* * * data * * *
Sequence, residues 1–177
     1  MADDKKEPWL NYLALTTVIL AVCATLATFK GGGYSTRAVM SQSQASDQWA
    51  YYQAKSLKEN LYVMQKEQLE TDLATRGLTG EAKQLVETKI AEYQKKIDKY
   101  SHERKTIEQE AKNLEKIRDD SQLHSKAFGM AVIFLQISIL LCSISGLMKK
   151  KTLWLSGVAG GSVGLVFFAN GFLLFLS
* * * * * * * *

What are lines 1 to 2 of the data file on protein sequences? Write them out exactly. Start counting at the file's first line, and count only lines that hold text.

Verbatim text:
Sequence, residues 1–177
     1  MADDKKEPWL NYLALTTVIL AVCATLATFK GGGYSTRAVM SQSQASDQWA